All killer no filler - Deep Purple rock like no others in 1970!
An incredible triumphant album, 'In Rock' is stone cold heavy metal in its earliest incarnation. When you put this into context, that metal was in its infancy, Metallica were in diapers and Dream Theater were nothing but a dream, Deep Purple were THE definitive progenitors of heavy prog. What a bold, brave album is here with one of the most astonishing vocal performances by the incomparable Gillan. In fact each band member became legends in their own right especially the guitar god Blackmore who absolutely burns it up on each track. Although I am not a massive fan of DP (I have all their essential albums) I have to give credit where it is due and this is their greatest album by a long shot. Let us examine the tracks that are evidence in themselves.
'Speed King' has become a well covered song by all manner of artists and for good reason ? it seriously kicks. The very first thing you hear is a ramming organ that builds up with guitar crescendos then it stops and we get that iconic screaming vocal "Good golly said little Miss Molly...". The fantastic thing about the track is all the affectionate references to classic 50s rock such as 'Tutti Frutti', 'Lucille', 'Let's have a Party', 'Saturday Night', 'Hard Headed Woman' and even the 'House of Blue Light' get a mention, which later became a title for a DP album of course. The killer riff is well known in metal and the lead break and organ tradeoff is dynamic and masterfully executed. A dynamite song that drives the hammer in the flower power coffin.
'Bloodsucker' features another brain searing riff where Blackmore shows his incredible skill. Gillan keeps screaming at the top of his lungs, "AAAAAAGH NO NO NO NO!" and we believe him! I have no idea what the song is about because meaning is incidental to the all over rocking hammering you receive from this. The glorious bassline by Glover is relentless and driving. The birth of head banging may well be contained in this song alone. I love the way it changes time sig and stops and starts with the shimmering organ. Ian Lord was a master and this is the magician at his peak until we hear the next track....
I have to take a breath before attempting to describe this track. 'Child In Time' is a masterpiece. There, that may be enough, but I must mention the way it builds up with quiet patient tempo, threatening to explode. Explode, it does, in the freakout instrumental section where guitar and keys break into fractured organ riffs and angular guitar playing. It is sheer bliss listening to these magicians at their craft, weaving their spell of magic around the soundscape. Fret melting hammer offs and lavish organ flourishes are epically performed. It is wonderful how the song does not just rely on the musicianship to launch it into the stratosphere, but rather there is a virtuoso performance by Gillan with his high octave range that would haunt him in later years when he could not perform to this range again. The band would perform this track thousands of time live and you must hear the version on 'Made In Japan' which is even better than this. Joe Satriani has performed a superb version on his cover album, demonstrating how influential this is. It returns after the instrumental break to the quiet melancholy section, until it blasts off at the end in an orgasmic paroxysm of light and dark shades of metal mayhem. It is like death has come to the track and it is crying out for mercy.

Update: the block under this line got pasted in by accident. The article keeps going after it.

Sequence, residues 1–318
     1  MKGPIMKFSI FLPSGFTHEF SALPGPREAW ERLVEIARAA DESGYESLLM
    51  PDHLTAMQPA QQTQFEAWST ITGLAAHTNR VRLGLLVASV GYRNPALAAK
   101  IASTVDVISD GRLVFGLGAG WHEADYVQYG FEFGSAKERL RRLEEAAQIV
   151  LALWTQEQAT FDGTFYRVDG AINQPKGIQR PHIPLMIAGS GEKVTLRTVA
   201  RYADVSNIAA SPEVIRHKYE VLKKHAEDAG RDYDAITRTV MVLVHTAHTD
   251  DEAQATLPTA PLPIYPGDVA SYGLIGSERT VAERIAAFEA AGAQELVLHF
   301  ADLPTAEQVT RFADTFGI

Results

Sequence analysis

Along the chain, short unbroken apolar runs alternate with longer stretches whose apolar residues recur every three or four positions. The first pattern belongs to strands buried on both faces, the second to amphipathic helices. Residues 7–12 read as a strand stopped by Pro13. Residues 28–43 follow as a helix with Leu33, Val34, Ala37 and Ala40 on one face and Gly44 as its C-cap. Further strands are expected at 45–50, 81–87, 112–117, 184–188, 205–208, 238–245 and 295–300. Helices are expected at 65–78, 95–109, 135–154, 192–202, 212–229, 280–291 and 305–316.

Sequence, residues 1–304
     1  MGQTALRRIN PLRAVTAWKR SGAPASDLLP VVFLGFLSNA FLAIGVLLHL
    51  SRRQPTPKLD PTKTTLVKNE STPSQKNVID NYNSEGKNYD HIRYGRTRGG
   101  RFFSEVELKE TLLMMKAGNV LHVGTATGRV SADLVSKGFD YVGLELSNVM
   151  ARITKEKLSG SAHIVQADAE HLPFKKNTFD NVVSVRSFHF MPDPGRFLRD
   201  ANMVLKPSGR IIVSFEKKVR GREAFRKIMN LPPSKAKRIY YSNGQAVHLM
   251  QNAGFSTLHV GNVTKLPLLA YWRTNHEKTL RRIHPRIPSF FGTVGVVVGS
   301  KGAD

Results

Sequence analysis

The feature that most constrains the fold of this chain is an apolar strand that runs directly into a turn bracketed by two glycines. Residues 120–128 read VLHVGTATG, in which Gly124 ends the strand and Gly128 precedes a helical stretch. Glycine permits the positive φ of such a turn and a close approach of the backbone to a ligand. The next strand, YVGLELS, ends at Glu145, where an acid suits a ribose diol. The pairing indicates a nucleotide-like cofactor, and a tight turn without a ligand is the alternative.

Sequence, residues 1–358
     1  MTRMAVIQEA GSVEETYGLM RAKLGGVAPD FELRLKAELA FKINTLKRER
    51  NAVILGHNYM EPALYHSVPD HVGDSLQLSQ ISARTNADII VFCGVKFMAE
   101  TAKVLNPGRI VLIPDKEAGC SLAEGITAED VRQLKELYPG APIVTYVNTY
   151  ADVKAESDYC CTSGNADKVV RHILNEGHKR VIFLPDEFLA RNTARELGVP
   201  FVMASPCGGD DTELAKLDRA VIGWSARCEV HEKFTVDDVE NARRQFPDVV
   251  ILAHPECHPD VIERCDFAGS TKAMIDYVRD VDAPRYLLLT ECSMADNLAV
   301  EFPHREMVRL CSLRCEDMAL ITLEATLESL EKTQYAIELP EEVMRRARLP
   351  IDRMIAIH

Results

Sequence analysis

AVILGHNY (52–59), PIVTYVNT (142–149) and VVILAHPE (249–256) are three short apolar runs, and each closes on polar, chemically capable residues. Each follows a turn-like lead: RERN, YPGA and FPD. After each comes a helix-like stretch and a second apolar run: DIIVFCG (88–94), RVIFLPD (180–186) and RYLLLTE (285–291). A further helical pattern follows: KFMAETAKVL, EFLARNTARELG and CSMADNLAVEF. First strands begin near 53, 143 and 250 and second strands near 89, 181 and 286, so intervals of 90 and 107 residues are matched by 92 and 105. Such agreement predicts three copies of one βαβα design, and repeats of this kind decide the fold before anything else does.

Where does it lead from here? Side two is not as good but what an act to follow, though there are still great tracks.
'Flight of the Rat' is a rocker that is popular among fans, but not as well known as the other tracks. The standout performance on this is the drumming metrical patterns of Paice, who is as good as he can get. He actually performs a drum solo in this track. There are many diversions on the song, very proggy and very heavy.
'Into the Fire' is a medium paced rocker with aggressive vocals "Into the Fiiiiiiiiiiiiiiiiiiiiiire!" That is as memorable as it gets though, and it is the weakest song on the album, though by no means a throwaway. There are some brutal riffs on this and Lord continues to impress on keyboards.
'Living Wreck' features a lot of staccato stabbing Hammond sounds from Lord that blast up and down the scales. The vocal pipes of Gillan are more restrained on this but he has a great octave range and uses it to perfection.
'Hard Lovin' Man' is the last track that is a highlight of side 2 with a frenetic intro and angular guitar riffing from Blackmore. The band go into full flight crunching out the riffs and solos in turn, they were so professional and tight it is astonishing.
It could be over if you only have the vinyl but the remastered Anniversary CD has a bonus. A CD full of edits, remixes, unreleased and unedited versions and of course a stack of studio chatting. The duel 'Black Night' versions are welcome, as it is always great to hear those indelible riffs, and the 'Unedited Roger Glover Remix' is compelling listening. The remix of 'Speed King' and 'Flight of the Rat' are there for the diehard fans but you will desire the original versions. The piano version of 'Speed King' is fascinating as is the instrumental, 'Jam Stew'. The unreleased 'Cry Free' is a curio if nothing else.
It is brilliant that this has been unleashed from the vaults at last and it makes the album an even greater experience completing its masterpiece status. 'Machine Head' and 'Fireball' are excellent albums too, but of the big three 'In Rock' is lord and master over all. In conclusion, grab this version and enter the Deep Purple experience at your nearest opportunity.